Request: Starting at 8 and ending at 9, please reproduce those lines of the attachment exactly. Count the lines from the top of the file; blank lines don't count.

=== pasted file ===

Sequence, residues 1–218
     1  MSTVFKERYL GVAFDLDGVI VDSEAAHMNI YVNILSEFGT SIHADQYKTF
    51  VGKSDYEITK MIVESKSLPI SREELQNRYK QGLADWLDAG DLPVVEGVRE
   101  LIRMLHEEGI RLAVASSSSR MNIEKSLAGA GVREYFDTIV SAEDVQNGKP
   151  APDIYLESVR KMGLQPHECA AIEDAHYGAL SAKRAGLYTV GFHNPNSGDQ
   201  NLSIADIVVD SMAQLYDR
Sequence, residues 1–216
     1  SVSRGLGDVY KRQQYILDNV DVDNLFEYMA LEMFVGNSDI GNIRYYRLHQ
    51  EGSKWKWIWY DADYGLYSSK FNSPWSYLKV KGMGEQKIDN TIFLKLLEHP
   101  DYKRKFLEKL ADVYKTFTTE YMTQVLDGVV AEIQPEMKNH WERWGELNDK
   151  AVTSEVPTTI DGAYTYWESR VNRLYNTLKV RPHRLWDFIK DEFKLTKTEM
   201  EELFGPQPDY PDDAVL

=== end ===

     1  SVSRGLGDVY KRQQYILDNV DVDNLFEYMA LEMFVGNSDI GNIRYYRLHQ
    51  EGSKWKWIWY DADYGLYSSK FNSPWSYLKV KGMGEQKIDN TIFLKLLEHP